Over the last thirty years, South Africa has developed a medicines
regulatory authority with internationally recognized standing.
In recent years, it has been transformed in order to improve
its performance and regulatory processes. The Medicines Control Council
(MCC) is a statutory body that was established in terms of the Medicines
and Related Substances Control Act, (Act 101 of 1965), to oversee the regulation
of medicines in South Africa.
It is appointed by the Minister of Health and its main purpose is to
safeguard and protect the public through ensuring that all medicines that
are sold and used in South Africa are safe, therapeutically effective
and consistently meet acceptable standards of quality.
To date, more than 20 000 medicines have been approved. Since the establishment
of the Medicines Control Council, more than 220 meetings have been held
to decide on the registration of medicines.
Applications for more than 11 800 complementary medicines have been submitted
for evaluation by the Complementary Medicines Committee.
The South African Pharmacy Council has licensed 300 wholesalers and distributors.
These must still be licensed by the Medicines Control Council in terms
of the Medicines Act.
The Medicines Control Council approves more than 280 clinical trials
Medicines Regulation in South Africa
The Medicines Control Council applies standards laid down by the Medicines
and Related Substances Control Act, (Act 101 of 1965) which governs the
manufacture, distribution, sale, and marketing of medicines. The prescribing
and dispensing of medicines is controlled through the determination of
schedules for various medicines and substances.
The MCC operates through external experts who are members of Council
Committee structures. Most experts evaluate data sets submitted by the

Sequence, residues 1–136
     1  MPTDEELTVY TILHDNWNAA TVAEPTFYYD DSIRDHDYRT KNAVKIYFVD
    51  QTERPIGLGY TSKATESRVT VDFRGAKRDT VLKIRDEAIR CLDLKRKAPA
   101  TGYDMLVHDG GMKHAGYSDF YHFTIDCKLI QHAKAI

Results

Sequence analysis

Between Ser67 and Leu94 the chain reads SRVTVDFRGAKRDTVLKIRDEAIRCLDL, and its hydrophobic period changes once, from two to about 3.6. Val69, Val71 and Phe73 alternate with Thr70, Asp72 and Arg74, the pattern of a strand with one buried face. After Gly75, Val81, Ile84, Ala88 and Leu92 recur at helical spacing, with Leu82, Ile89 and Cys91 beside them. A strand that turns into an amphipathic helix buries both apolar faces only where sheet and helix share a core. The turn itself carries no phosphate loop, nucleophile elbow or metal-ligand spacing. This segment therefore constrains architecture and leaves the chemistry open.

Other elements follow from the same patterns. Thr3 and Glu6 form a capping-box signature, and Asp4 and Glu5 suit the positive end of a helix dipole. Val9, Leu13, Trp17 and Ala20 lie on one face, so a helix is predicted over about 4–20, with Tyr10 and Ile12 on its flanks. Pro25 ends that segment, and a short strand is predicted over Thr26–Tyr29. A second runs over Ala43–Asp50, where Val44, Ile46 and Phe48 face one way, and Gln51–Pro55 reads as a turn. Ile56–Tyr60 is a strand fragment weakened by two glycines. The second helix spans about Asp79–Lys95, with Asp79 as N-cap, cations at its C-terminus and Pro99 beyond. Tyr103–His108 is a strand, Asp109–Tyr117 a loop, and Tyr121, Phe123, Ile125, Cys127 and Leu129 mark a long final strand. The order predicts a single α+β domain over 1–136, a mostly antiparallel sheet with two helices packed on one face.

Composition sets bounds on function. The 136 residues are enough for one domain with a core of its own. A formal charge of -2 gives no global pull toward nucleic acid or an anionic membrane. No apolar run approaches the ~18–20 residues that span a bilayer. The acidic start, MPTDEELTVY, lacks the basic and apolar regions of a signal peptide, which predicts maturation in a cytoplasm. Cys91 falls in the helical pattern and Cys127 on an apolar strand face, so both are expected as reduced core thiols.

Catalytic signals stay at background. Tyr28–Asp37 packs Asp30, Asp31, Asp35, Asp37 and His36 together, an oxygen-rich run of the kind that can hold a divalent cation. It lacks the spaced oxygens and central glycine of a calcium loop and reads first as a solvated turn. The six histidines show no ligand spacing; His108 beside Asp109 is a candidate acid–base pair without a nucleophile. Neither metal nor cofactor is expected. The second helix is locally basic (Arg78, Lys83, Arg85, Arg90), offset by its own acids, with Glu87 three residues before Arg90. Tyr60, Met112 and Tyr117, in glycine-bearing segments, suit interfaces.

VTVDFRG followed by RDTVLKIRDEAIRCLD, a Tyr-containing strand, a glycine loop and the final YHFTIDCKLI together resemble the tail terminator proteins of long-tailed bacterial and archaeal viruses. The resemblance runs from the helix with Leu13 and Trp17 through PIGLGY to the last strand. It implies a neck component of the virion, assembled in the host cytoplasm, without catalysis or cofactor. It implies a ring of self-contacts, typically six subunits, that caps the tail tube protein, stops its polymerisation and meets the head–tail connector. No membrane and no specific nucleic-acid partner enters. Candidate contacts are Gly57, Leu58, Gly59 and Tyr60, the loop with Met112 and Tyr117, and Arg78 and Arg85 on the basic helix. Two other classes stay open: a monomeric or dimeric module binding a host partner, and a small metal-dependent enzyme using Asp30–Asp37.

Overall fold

pharmaceutical industry for purposes of registration. These evaluators
are from various academic institutions, mainly medical and pharmacy schools.
The office of the Registrar provides administrative and technical support
to Council and its activities. The Registrar is also an executive secretary
to Council. The Registrar’s office is a Chief Directorate, Medicines
Regulatory Affairs, within the Department of Health. There are four Directorates,
which are largely responsible for co-ordination and execution of various
activities. A Deputy Registrar performs functions as
determined by the Registrar.
The staff complement of Medicines Regulatory Affairs includes doctors,
pharmacists, veterinarians, other scientists and administrative staff.
A certain amount of technical evaluation of generic medicines is performed
in-house. It is anticipated that this will increase over time as use of
generic medicines increases, in line with government policy of improving
access to medicines.
The structure of Council and its committees is described below. The
skills of Council and its committees are written into law and include
expertise in toxicology and medicine safety, clinical pharmacology, biotechnology,
pharmaceutics, internal medicine, virology, pharmaceutical chemistry,
neonatology, paediatrics, immunology, veterinary science, complementary
medicines and law.
The Council has 11 technical committees, with 146 members from various
institutions in the country. These include the Clinical Committee, Pharmaceutical
and Analytical Committee, Clinical Trials Committee, Scheduling Committee,
Veterinary Committee, Pharmacovigilance Committee, Biological Committee,
Complementary Medicines Committee, and African Traditional Medicines Committee.
The Council, in considering whether a medicine is suitable for use for
its intended purpose, assesses its relative risk against the benefits.
The Medicines and Related Substances Control Act, (Act 101 of 1965), defines a
medicine as any substance
or mixtures of substances used or purporting to be
suitable for use of manufacture or sold for use in -:
a) diagnosis, treatment, mitigation, modification, or prevention of
a disease, or abnormal physical or mental state, or the symptoms thereof
in man, or
b) restoring, correcting, or modifying any somatic or psychic or organic
function in man, and includes any veterinary medicine.
All medicines for human use are subject to this law, including complementary
and complementary biological medicines. Further, all veterinary medicines
must be registered in terms of the Act excluding stock remedies registered
in terms of Act 36.